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US core capital goods orders slip in Feb, shipments unchanged

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New orders for key US-made capital goods unexpectedly fell in February and shipments were unchanged, but data for January was revised slightly higher.

[WASHINGTON] New orders for key US-made capital goods unexpectedly fell in February and shipments were unchanged, but data for January was revised slightly higher.

The Commerce Department said on Tuesday orders for non-defence capital goods excluding aircraft, a closely watched proxy for business spending plans, slipped 0.1 per cent, pulled down by declining demand for machinery and computers and electronic products.

Data for January was revised slightly up to show these so-called core capital goods orders increasing 0.9 per cent instead of rising 0.8 per cent as previously reported.

Economists polled by Reuters had forecast core capital goods orders unchanged in February. Core capital goods orders increased 2.6 per cent on a year-on-year basis.

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Shipments of core capital goods were unchanged in February after an upwardly revised 1.0 per cent rise in the prior month. Core capital goods shipments are used to calculate equipment spending in the government's gross domestic product measurement.

They were previously reported to have gained 0.8 per cent in January. The February report was delayed by a 35-day partial shutdown of the federal government that ended on Jan 25. The March report will be published on April 25 as scheduled.

The report on Tuesday came on the heels of mixed February retail sales and construction spending reports, as well as January business inventory data, that boosted first-quarter GDP forecasts.

Growth estimates for the first-quarter range from as low as a 1.2 per cent annualized rate to as high as a 2.1 per cent pace. The economy grew at a 2.2 per cent pace in the fourth quarter, with growth in business spending on equipment accelerating.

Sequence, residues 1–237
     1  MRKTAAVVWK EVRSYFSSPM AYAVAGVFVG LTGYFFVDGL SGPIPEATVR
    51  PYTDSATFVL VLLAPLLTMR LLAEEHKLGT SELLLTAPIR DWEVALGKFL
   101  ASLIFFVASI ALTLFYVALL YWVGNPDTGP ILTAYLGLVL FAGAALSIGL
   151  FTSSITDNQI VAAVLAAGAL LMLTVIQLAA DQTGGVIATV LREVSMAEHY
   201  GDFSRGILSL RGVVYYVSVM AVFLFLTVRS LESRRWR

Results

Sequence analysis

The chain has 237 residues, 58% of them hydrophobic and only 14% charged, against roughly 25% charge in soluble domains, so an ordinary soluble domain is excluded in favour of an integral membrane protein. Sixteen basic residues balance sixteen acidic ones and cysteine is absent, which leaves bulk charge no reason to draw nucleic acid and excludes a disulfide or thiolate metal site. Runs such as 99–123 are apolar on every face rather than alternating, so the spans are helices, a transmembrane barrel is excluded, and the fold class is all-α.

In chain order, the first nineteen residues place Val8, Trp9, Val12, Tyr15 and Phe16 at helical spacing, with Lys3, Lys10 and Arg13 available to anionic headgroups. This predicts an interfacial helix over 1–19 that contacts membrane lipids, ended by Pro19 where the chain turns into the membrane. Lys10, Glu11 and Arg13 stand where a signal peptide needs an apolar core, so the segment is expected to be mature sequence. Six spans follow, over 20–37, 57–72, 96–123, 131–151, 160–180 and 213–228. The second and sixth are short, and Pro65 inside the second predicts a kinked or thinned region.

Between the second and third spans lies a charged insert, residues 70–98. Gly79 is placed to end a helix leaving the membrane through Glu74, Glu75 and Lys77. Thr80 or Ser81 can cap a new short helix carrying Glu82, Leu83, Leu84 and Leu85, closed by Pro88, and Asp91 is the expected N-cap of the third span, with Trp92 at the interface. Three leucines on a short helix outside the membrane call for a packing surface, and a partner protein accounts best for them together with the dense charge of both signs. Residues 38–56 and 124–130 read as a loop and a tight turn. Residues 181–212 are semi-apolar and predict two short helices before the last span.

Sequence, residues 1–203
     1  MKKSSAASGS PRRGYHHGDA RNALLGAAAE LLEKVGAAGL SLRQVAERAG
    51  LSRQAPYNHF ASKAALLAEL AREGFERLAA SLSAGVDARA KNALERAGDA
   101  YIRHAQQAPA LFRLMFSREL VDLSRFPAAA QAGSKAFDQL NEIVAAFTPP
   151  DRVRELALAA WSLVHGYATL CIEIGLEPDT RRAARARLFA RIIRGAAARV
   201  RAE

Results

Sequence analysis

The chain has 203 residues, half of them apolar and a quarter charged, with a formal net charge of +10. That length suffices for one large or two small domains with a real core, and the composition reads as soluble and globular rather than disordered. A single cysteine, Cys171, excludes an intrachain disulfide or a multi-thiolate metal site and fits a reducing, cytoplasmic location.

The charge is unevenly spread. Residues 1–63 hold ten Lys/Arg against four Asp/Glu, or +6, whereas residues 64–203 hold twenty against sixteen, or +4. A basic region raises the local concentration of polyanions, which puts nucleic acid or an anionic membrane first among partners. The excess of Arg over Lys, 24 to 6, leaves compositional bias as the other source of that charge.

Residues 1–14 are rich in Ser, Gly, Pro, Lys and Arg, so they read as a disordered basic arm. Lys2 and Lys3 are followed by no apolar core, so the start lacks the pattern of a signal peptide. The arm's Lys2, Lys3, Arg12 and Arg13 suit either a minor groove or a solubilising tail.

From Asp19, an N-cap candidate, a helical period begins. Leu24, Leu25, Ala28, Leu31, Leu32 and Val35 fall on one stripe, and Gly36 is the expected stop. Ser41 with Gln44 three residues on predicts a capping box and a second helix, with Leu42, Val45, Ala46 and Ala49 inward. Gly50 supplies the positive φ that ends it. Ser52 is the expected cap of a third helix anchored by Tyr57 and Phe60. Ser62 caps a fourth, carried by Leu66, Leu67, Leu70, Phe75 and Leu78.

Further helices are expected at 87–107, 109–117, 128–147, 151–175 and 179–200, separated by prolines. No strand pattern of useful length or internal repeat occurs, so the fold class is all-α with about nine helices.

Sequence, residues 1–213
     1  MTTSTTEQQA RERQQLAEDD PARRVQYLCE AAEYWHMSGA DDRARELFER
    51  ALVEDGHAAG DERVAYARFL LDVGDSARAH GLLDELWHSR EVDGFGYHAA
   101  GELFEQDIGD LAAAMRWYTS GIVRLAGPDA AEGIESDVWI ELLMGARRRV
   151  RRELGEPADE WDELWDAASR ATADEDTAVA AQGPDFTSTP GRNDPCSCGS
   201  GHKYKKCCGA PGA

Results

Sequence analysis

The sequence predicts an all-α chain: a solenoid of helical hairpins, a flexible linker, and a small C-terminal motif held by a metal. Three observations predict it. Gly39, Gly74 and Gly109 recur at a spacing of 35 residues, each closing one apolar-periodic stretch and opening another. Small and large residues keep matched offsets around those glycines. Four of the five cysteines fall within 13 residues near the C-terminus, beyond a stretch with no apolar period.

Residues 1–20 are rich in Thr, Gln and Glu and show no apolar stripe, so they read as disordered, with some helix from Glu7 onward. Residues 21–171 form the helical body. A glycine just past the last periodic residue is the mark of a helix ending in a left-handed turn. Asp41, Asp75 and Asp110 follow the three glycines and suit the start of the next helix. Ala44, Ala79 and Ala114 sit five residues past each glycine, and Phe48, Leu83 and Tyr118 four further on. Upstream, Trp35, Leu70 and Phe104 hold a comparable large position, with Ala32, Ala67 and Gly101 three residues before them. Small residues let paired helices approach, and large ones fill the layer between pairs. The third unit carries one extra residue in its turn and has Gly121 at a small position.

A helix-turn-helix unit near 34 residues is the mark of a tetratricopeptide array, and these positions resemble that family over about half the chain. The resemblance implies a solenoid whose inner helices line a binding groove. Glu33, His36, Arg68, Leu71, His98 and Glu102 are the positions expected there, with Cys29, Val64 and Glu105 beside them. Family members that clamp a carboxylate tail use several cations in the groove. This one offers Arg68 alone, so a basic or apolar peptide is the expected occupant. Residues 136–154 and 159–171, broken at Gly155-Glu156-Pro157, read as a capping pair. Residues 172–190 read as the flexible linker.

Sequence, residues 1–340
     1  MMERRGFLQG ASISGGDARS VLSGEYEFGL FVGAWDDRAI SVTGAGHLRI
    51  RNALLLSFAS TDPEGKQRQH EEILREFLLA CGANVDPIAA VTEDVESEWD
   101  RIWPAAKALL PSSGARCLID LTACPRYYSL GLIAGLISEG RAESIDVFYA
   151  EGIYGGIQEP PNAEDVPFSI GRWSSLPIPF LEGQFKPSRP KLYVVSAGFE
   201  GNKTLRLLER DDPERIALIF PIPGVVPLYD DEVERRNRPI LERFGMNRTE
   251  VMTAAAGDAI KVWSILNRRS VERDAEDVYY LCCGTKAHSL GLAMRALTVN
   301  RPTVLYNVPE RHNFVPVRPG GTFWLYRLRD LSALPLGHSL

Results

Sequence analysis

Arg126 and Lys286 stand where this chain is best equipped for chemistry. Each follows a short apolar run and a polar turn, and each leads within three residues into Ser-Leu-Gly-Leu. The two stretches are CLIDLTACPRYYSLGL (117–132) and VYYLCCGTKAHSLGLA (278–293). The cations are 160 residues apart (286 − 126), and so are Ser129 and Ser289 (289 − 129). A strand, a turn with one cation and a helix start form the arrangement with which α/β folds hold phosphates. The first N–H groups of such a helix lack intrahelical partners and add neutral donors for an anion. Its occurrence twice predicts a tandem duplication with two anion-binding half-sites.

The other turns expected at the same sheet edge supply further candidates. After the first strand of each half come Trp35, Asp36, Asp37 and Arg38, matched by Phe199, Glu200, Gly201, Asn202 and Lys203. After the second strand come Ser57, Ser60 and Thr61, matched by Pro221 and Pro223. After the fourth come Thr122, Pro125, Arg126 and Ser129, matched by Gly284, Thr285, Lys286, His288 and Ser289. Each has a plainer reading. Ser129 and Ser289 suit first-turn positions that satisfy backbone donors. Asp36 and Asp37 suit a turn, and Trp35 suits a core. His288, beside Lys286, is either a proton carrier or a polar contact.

The economy is losing momentum as the stimulus from a US$1.5 trillion tax cut fades. A trade war between the United States and China, slowing global economies and uncertainty over Britain's exit from the European Union are other factors that are also hurting activity.

In February, orders for machinery dropped 0.3 per cent after rising 2.0 per cent in January. Energy firms have been reducing the oil rigs operating, despite a rebound in oil prices, to focus on growing earnings.

Orders for computers and electronic products fell 0.3 per cent. Orders for electrical equipment, appliances and components rose 1.0 per cent in February after increasing 1.3 per cent in the prior month

There were also increases in orders for primary metals and for fabricated metal products in February.

Overall orders for durable goods, items ranging from toasters to aircraft that are meant to last three years or more, tumbled 1.6 percent in February. That reflected a 4.8 per cent drop in demand for transportation equipment. Durable goods orders gained 0.1 per cent in January.

REUTERS